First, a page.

Elon Musk Colluding With Pentagon to Cut Russia Out of Space Launches, Agency Head Says

The head of Russia's space agency has accused tech billionaire Elon Musk and the Pentagon of colluding to push his country out of the rocket-launching business.

Speaking on state-run television on Monday, Dmitry Rogozin, the head of Roscosmos Federal Space Agency, said the SpaceX founder had deliberately undercut rocket launch prices "to squeeze Russia out of this market," The Moscow Times reported.

"We understand that this game is unfair," Rogozin argued, adding that Musk has conspired with the U.S. Department of Defense, which he said, "pays him on average $150 million for every launch."

"He's paid extra to enter the market with a cheaper product. Of course, Russia can't compete," the space chief, who formerly served as a deputy prime minister, said. However, Rogozin also vowed that the Russian space agency would challenge the competition and return to dominance, particularly with the new Angara heavy space rocket.

Elon Musk announces the Japanese billionaire chosen by the company to fly around the moon at a press conference at SpaceX, in Hawthorne, California, on September 17. The head of Russia’s space agency has accused Musk and the Pentagon of colluding to push his country out of the rocket-launching business. Mario Tama/Getty Images

In May, Musk said that SpaceX would potentially "launch more rockets than any other country in 2018," according to Business Insider.

"By this time last year, we'd only done five orbital-class missions," Musk explained at the time. "We're on track to be at double our launch rate for last year, which was a record launch rate for us."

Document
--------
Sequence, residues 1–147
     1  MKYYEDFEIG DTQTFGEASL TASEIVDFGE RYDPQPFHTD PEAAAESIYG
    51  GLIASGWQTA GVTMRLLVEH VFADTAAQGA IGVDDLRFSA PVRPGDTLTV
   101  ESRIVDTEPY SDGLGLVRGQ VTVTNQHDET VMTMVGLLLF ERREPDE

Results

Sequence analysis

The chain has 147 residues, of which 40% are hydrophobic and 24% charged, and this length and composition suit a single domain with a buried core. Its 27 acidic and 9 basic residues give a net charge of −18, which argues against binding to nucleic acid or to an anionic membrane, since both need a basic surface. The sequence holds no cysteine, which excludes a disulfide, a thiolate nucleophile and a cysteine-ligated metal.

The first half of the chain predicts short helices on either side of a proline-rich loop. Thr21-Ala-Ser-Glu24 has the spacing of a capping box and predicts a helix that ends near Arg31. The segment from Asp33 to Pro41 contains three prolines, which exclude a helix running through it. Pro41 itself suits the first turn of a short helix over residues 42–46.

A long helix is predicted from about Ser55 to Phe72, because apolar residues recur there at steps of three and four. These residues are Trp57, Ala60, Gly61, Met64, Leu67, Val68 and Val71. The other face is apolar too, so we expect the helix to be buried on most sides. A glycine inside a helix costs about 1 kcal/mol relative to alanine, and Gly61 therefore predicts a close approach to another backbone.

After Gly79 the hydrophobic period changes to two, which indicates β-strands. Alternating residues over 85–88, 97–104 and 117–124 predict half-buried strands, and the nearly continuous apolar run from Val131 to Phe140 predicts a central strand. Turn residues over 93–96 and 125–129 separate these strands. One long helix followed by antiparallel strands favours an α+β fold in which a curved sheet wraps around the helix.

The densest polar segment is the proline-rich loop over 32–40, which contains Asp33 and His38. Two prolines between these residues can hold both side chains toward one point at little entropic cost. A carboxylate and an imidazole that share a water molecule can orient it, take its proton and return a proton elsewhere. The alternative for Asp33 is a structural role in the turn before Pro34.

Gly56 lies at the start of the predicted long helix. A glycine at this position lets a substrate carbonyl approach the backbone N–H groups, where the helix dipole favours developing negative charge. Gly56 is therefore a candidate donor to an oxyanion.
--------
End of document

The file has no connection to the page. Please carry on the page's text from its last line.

Currently, Roscosmos has a contract with NASA to transport American astronauts to the International Space Station. The agreement expires in April, with Russia signaling it will not be renewed as diplomatic relations remain tense between Moscow and Washington.

"Our obligations under the NASA contract to deliver American astronauts to and from the ISS end with the Soyuz-MS landing in April," Russia's Deputy Prime Minister Yury Borisov said in The Moscow Times in August, suggesting the deal would not continue.

Starting next April, NASA has already moved forward with plans to use SpaceX's Crew Dragon commercial spacecraft for manned missions to the space station. The U.S. agency also has agreements with Boeing to take astronauts to space.

NASA retired its space shuttle program in 2011 and has relied on Russia for transport ever since. But Roscosmos has charged about $70 million per seat on its spacecraft, whereas Musk has promised a significantly lower rate of just $20 million.

But Musk's contract with the U.S. government drew significant speculation last month after he smoked marijuana during a live podcast with Joe Rogan. As cannabis remains classified as an illegal Schedule 1 drug by the federal government, some questioned whether Musk's actions would impact his security clearance.

"We'll need time to determine the facts and the appropriate process to handle the situation," an official with the Office of the Secretary of the Air Force said at the time, Air Force Times reported.